Cato Questions the Chairman

19 February 1998

Tom Bell, a Director of the Cato Institute, is staying on point on the issue of the Kyl bill. Here you'll find his astute questions to Rep. McCollum, Chairman of the House Subcommittee dealing with the companion bill in the House.

February 2, 1998

The Honorable Bill McCollum
House Judiciary Committee
House Office Building
Washington, DC 20515

Dear Mr. Chairman:
Thank you for soliciting my thoughts on the proper federal policy toward Internet gaming. I here offer some comments and questions for the deliberations of you and your colleagues.

  1. The Justice Department has stated that The Wire Act[1] already covers Internet gaming, but that enforcing the law "isn't one of our priorities."[2] Given that courts have hardly had a chance to apply existing laws to Internet gaming, should Congress rush to pass new and potentially unnecessary legislation?
  2. The Wire Act applies only to parties "engaged in the business of betting."[3] In contrast, H.R. 2380, The Internet Gambling Prohibition Act of 1996, would expand federal law to reach even individual amateur bettors. H.R. 2380 would thus for the first time make it a federal crime to telephone an old friend and casually bet a six-pack on the big game.
    • Given that the effects of Internet gaming remain highly speculative, how can Congress justify this vast expansion of criminal liability?
    • How can law enforcement officials apply H.R. 2380 without detailed, constant, and intrusive monitoring of citizens' Internet use?
  3. Rep. Bob Goodlatte has claimed that gaming laws "have been turned on their head" by the Internet because "[n]o longer do people have to leave the comfort of their homes" to access casinos.[4] In fact, however, nine states already allow their citizens to access professional gaming services via telephone.[5] Since many Americans already can use advanced telecommunications to gamble from home, does Congress have any factual basis for claiming that Internet gaming represents a wholly new and uniquely dangerous phenomenon?
  4. In mid-1996, the National Association of Attorneys General urged the Justice Department to prosecute Internet gaming. "The department does not agree that federal law should be amended so broadly as to cover the first-time bettor who loses $5," the Justice Department replied.[6] How can Congress deny that the Justice Department has already made clear its disapproval of laws like H.R. 2380?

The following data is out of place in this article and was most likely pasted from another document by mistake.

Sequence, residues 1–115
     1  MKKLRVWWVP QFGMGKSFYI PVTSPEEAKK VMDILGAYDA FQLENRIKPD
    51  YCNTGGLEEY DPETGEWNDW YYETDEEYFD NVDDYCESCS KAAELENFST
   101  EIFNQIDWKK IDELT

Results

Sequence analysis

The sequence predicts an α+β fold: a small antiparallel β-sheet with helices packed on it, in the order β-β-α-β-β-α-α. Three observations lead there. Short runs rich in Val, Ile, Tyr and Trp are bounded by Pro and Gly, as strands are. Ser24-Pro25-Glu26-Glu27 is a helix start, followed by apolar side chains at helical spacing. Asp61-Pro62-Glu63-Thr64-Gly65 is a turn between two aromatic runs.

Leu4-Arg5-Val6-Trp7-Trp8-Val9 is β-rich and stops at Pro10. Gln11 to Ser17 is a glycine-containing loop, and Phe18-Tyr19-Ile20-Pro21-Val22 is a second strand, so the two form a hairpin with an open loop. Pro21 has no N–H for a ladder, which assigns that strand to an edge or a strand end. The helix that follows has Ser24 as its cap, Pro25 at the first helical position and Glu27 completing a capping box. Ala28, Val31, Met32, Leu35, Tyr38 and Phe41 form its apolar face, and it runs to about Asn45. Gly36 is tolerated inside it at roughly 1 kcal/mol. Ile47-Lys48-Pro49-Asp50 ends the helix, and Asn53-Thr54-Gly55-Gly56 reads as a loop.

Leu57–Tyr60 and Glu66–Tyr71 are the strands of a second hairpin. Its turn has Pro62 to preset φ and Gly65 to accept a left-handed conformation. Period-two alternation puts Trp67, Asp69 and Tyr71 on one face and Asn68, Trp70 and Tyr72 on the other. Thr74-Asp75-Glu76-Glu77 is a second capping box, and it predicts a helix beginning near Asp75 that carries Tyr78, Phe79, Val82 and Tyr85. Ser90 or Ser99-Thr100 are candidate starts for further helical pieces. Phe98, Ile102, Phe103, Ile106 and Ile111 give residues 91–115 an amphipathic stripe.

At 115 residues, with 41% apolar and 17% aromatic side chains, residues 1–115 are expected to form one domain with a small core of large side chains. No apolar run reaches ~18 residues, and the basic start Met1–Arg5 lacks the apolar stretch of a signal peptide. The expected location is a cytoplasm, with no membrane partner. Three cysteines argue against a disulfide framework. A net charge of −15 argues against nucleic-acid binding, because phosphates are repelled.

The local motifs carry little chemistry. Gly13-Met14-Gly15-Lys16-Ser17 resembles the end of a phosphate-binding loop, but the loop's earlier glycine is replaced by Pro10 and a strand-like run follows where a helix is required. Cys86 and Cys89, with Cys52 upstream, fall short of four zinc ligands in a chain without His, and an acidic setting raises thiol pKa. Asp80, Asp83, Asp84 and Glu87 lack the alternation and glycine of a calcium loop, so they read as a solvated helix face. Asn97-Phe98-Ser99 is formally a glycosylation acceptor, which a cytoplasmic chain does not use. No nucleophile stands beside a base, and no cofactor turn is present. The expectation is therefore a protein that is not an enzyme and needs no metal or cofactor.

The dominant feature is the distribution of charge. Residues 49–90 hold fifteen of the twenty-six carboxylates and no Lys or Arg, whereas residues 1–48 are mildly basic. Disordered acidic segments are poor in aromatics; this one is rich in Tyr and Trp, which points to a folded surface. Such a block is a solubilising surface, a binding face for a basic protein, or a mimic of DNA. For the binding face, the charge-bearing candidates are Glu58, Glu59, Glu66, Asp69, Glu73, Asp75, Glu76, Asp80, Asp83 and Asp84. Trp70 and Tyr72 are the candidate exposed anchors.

5. Outlawing Internet gaming services domestically will simply push business overseas. Federal law enforcement agents admit, however, that they cannot stop overseas gaming operations. "International Internet gambling? We can't do anything about it," Department of Justice spokesman John Russell said. "That's the bottom line."[7]
    • Does Congress propose to give extraterritorial effect to any ban on Internet gaming?
    • If so, how can federal authorities enforce such laws without violating the principles of international law that protect other countries' sovereignty?
    • If not, how can any ban on Internet gaming work?
  6. Section 3(b) of H.R. 2380 requires an interactive computer service provider, once given mere notice by law enforcement agents, to discontinue furnishing any facility that "is being used or will be used for the purpose of transmitting or receiving gambling information" in violation of law.
    • In contrast to telephone communications, which typically travel over circuit switched networks, Internet communications use packet switching. Each Internet message gets broken into discrete packets, which travel over various and unpredictable routes until received and reassembled at the message's destination. How can Internet service providers discriminate between illicit gaming information and all other Internet traffic?
    • Even if it is theoretically possible for Internet service providers to discriminate against gaming information, how will this intrusive new federal law affect the cost, efficiency, and security of Internet communications?
  7. History demonstrates the Founders embraced and defended gaming as part of their inalienable right to "the Pursuit of Happiness." The infamous Stamp Act, which triggered the shot at Concord "heard round the world," taxed playing cards and dice.[8] While drafting the Declaration of Independence, Thomas Jefferson relaxed by gambling on backgammon, cards, and bingo.[9] Benjamin Franklin--using his era's most advanced technology--printed a good portion of the colonies' playing cards.[10] George Washington regularly bet on horses, gambled in card games, and bought lottery tickets.[11] Washington managed public lotteries, as did Franklin and John Hancock.[12] Lotteries even helped pay for the first home of the U.S. Congress,[13] as well as for public buildings throughout the new U.S. capital.[14] How could the current Congress justify stripping the American people of rights that the Founders fought for, won, and exercised?

I thank you for soliciting my input and encourage you to share my comments and questions with your colleagues. I am currently working on a policy briefing on Internet gaming, and will plan to send you a draft in a few weeks. In the meantime, please feel free to contact me if I can be of further assistance in this matter.


Tom W. Bell
Telecommunications and Technology Studies
Cato Institute